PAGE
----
Let’s face it – expos are not fun when you’re 10 and your parents drag you to the local home & garden expo to see new pavers, showers, and mailboxes. But when you’re an eco-conscious architect who’s looking for new ways to improve the status quo – the 2017 Greenbuild Expo floor is a wealth of inspiration! Here are our top 3 picks from the 3 day conference: AirIQ by Biome – This is a concentrated at-home air quality test. It has a super low cost of entry starting at $249/bottle. It’s basically a mason jar-sized bottle that you leave anywhere you’d like to test, for several hours. You then send the bottle to their lab and within two weeks receive the results CLICK for more
A few office-mates and I had the recent pleasure of touring the Mohawk Light Lab in Dalton, Georgia. This is the first Living Building Challenge petal-certified project in the state of Georgia, so needless to say, we were pumped! First of all, if you aren’t familiar with the Living Building Challenge, it is a green building rating system start in Seattle in 2006 and is a rigorous green building rating system administered by the International Living Future Institute. The rating system is a sort of reaction to LEED that promotes buildings that are regenerative and actually give back to their surroundings. More info on the LBC can be found here. We made our way to Dalton from Atlanta for the CLICK for more
I receive occasional updates from our vendors, including Herman Miller. I particularly enjoyed this article, showcasing several artists they recruited to create artwork of their ideal workspace. There are such different interpretations, styles, and desires, it is great inspiration for your own workspace. http://www.hermanmiller.com/why/what-kind-of-place-are-you.html
Our office Sustainability Committee sponsored an Earth Week this year, leading up to Earth Day (April 22). See the video compilation below of different sustainable technologies for your enjoyment and education. Good stuff!
I like well-designed products, hand-crafted art, and, very much, a good story. West Elm has become a visionary in the furniture & home decor retail sphere with their business model that brings us stories of beautiful products from far away lands and people, while empowering those very people to have a measurably improved quality of life.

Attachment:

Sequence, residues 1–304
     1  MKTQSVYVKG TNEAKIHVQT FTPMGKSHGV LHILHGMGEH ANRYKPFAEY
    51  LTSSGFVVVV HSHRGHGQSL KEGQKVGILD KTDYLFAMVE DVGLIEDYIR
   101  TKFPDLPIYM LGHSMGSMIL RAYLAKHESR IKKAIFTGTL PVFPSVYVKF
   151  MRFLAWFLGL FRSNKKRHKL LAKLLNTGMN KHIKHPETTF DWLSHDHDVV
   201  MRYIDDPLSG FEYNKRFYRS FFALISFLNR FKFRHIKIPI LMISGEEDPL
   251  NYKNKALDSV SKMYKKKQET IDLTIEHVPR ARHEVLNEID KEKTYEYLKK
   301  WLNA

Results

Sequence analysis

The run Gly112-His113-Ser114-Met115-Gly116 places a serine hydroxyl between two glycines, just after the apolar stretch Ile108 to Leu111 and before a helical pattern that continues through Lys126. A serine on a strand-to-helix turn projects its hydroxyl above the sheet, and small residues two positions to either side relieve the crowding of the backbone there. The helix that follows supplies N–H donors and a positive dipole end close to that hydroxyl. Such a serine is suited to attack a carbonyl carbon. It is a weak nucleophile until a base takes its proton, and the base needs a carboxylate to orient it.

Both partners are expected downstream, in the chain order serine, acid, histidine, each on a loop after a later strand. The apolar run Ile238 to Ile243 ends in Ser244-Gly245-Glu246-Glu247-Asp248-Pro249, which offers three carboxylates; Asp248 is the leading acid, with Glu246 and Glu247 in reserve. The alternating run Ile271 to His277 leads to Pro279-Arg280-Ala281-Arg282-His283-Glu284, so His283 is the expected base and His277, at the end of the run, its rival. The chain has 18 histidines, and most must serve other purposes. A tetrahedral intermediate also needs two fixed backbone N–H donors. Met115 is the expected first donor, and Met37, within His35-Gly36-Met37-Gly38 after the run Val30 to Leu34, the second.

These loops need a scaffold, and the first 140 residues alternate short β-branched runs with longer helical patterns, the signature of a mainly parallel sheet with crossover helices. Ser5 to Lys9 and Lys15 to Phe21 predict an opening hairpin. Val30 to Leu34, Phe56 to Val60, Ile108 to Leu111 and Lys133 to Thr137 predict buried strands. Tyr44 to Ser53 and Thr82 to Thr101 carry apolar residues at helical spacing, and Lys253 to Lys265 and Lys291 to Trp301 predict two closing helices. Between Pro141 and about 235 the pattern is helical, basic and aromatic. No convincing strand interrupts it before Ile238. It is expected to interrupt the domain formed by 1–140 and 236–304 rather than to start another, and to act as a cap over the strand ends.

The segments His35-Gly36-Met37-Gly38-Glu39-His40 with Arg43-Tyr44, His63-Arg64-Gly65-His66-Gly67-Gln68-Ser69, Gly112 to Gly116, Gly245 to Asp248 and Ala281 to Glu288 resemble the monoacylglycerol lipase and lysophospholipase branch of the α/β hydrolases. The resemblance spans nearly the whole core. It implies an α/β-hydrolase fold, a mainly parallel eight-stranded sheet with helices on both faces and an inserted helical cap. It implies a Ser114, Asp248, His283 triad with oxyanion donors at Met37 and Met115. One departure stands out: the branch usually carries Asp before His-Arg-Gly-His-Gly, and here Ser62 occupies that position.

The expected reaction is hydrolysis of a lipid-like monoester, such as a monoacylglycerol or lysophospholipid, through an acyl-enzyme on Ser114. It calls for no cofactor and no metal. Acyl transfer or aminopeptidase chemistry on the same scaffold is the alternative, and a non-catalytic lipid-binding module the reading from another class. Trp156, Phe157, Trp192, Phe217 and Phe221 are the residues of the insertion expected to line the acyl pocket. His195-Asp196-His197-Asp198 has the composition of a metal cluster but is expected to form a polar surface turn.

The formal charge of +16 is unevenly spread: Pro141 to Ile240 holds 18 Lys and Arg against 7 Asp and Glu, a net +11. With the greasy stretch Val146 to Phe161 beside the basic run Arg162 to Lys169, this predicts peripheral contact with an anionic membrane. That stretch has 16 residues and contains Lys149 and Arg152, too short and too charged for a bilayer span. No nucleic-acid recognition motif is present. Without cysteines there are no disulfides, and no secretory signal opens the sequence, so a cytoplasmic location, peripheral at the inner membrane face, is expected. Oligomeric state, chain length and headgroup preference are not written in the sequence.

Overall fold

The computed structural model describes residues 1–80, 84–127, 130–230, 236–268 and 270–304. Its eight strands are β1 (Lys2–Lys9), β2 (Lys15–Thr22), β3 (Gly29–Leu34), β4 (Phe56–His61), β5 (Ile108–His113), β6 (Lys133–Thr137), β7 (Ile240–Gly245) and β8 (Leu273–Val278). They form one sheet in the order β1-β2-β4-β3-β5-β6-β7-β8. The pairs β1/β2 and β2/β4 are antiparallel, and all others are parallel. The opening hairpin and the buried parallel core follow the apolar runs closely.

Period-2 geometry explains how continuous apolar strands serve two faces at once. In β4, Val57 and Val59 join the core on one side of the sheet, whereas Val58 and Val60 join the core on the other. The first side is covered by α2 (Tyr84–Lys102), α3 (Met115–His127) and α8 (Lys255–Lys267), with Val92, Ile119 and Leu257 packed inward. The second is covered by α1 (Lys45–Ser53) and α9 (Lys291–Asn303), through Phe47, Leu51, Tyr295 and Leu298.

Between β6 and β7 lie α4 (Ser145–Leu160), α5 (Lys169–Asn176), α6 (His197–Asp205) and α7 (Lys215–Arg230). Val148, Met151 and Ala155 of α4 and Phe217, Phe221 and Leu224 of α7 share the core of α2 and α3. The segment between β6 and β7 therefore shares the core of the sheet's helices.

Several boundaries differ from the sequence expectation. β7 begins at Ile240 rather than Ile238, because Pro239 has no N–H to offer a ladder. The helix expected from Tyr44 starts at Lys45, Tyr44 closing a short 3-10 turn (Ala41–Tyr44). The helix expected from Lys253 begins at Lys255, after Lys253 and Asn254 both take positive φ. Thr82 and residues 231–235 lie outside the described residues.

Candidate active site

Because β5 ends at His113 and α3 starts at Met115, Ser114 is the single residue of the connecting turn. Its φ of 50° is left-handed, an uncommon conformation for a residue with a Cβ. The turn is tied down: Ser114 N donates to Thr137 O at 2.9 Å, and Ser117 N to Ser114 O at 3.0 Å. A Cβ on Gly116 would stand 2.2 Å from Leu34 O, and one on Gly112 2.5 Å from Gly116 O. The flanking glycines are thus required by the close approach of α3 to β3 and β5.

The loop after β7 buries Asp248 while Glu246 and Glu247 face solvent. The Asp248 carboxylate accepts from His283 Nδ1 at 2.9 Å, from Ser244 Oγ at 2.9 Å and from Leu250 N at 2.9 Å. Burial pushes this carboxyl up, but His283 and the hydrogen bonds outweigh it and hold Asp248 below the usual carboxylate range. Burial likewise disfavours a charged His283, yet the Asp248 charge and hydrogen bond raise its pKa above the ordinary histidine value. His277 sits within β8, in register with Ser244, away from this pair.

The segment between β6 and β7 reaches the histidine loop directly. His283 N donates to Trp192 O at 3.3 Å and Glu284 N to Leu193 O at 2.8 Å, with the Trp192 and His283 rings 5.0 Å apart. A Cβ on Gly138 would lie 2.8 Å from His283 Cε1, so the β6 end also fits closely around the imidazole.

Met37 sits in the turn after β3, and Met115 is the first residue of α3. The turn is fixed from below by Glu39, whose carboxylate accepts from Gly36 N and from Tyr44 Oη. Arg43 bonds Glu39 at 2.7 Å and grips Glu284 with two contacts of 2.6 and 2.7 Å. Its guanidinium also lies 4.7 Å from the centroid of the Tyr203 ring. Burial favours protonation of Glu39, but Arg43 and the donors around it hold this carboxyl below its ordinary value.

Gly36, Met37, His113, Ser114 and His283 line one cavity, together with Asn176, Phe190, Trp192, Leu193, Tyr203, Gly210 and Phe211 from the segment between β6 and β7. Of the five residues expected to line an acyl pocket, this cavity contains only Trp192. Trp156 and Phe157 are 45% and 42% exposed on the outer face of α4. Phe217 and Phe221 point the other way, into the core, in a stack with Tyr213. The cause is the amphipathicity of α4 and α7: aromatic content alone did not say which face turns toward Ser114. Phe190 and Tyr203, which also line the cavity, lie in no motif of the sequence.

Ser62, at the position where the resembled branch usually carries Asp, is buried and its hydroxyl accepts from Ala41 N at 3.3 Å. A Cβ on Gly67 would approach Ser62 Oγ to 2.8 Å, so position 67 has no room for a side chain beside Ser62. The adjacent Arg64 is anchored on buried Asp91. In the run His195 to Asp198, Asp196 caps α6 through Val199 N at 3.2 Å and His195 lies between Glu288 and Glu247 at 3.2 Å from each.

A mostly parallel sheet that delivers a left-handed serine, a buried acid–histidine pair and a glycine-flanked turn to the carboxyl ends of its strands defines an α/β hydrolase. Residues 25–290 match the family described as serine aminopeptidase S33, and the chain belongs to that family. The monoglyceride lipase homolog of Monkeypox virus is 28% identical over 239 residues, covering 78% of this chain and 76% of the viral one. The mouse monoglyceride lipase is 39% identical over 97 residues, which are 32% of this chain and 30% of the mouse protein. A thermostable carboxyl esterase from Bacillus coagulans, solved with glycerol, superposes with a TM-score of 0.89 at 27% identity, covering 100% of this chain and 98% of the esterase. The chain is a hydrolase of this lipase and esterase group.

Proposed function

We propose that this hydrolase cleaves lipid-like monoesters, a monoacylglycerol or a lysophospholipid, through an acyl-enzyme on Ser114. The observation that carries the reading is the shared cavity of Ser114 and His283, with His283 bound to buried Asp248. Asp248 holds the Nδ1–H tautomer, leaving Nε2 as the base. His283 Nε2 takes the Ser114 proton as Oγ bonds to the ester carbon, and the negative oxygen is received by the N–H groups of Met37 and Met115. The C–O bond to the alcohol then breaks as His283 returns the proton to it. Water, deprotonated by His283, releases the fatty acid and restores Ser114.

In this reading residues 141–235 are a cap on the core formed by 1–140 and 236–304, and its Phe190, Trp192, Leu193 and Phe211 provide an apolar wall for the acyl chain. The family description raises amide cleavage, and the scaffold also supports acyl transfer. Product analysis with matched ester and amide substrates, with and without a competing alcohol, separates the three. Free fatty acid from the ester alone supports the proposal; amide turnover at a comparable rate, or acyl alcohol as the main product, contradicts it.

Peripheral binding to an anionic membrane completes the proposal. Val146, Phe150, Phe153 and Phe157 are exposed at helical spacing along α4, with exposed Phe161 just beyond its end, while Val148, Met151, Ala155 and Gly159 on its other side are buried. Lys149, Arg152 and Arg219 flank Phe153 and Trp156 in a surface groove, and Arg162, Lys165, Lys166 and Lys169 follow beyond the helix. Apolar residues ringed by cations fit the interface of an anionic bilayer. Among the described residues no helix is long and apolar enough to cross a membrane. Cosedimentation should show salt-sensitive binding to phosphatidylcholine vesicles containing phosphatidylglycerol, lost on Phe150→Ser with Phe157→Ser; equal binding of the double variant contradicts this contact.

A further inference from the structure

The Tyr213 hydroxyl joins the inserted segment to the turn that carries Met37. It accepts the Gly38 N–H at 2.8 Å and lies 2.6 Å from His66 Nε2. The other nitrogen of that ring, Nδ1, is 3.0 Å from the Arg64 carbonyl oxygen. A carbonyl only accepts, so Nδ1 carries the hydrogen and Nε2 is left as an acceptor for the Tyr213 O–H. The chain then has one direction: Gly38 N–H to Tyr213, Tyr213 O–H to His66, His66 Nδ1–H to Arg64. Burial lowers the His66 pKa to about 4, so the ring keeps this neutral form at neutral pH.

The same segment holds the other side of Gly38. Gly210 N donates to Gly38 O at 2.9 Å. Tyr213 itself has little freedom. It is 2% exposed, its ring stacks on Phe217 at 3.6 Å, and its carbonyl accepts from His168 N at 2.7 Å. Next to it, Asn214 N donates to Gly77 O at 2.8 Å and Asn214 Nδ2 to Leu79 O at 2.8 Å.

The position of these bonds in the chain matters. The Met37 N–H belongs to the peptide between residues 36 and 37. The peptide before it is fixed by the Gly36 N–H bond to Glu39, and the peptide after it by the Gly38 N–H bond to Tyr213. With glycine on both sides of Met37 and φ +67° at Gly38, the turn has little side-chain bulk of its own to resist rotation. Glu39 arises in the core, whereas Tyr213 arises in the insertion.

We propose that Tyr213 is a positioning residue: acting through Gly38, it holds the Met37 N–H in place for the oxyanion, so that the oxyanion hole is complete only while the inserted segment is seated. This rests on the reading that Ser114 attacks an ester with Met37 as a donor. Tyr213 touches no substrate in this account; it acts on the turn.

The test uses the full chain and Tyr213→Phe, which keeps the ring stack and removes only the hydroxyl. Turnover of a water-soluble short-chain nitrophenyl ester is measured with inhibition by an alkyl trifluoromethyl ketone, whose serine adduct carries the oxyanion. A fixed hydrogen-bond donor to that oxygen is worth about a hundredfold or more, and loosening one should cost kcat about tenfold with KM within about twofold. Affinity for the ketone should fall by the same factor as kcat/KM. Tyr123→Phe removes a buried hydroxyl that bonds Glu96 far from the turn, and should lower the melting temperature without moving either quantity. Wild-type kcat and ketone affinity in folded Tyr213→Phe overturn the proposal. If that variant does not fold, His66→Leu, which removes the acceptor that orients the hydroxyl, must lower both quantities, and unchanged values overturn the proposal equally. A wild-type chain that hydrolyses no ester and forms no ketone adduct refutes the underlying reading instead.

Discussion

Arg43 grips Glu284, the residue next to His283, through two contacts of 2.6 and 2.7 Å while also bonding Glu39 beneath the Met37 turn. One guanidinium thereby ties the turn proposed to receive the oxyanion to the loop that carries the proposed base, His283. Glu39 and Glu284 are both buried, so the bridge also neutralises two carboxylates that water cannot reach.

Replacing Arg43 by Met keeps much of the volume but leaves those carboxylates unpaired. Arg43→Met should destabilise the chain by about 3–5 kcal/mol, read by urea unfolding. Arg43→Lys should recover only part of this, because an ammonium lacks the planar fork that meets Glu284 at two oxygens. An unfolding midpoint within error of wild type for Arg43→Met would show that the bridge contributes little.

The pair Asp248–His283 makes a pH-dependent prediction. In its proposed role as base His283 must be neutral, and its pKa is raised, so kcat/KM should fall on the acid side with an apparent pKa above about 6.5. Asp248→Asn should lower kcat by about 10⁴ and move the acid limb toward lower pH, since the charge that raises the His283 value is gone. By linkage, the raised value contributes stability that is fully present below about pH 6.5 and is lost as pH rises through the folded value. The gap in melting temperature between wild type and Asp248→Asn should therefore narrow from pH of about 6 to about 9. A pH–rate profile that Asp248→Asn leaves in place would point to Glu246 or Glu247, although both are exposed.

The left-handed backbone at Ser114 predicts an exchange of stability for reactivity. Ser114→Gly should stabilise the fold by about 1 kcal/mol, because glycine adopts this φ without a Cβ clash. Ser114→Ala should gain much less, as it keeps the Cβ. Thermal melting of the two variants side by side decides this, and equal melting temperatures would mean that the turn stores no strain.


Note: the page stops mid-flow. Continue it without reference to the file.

Do you have a job? Are you educated? Are you able to use bathroom facilities without the fear of the spread of communicable disease? Not everyone is so fortunate. Luckily, we all know this, and luckily, the building industry is catching on to the value of social equity and empowerment. We see certain companies such as TOMS (started by Blake Mycoskie) with sustainable business models. More about that can be found in SUCCESS magazine. And now, while globalization, TED talks, activitsts, humanitarians, and the news show us all of the tragedy and poverty that our country works so hard to avoid ourselves, a few companies within the building industry are seeking this fresh approach of giving back to those in CLICK for more
Youngstown is located in the Rust Belt. There is an effort by a few to bring vibrancy to the community, some more effort by those seeking to help the hurting here and now. Much more research can be done on my part to learn what can be done to make it once again a thriving community – the expectations and identity need to change, then more public space, influence, and advocacy. Here is a taste of the disrepair we have fallen victim to, commonly known as urban blight or urban decay.
Many young people do not have a meaning and purpose to their life. They’re looking to say, does my life matter? Do I have a unique contribution to make… when you recognize that you have a real mission, an indispensable contribution to make, then you embrace life, you celebrate life in a completely different way. – Anna Halpine, The Human Experience I was right in the middle of my thesis while obtaining my Master of Architecture degree, at the interstice of theoretical research, experimentation, and real (” “) design. It was wintertime last year that I dedicated a good Saturday afternoon to post-graduate endeavors. A few things I knew were certain: I was about to have substantial debt to deal with. CLICK for more
Youngstown, Ohio. The Rust Belt. As seen from photographs past and first-hand accounts from one and two generations before my time, the city used to be a happening place, with popular stores, an active downtown, rich folk, popular entertainers, everything one needs for a little gem of a city to call home. The Youngstown I grew up in was littered with tales of political corruption, a failed steel industry, and frankly not much reason do go downtown – so I rarely ever did. Yes, you could say that makes me a suburbanite. But here we are, in the 21st century, looking at our ‘old’ cities (Europeans may laugh) and reexamining what can be done. This is from many perspectives and CLICK for more
Architecture shines as the top unemployed profession for 2012, estimated at just under 14%. Sure, there are reasons for this within the industry, without, globally, and historically. But as part of that 14%, a recent graduate with all of the world to aspire to, why is the only worth my future employers can see abbreviated to a single page, my beloved resumé? That single page is critiqued, being too formal for some, too playful for others. What kind of job are looking for, anyway? What are you ambitions? What can you do for us? I recently applied to a dream job – public work, great city, respected firm – along with 500 others. While I am proud of building up CLICK for more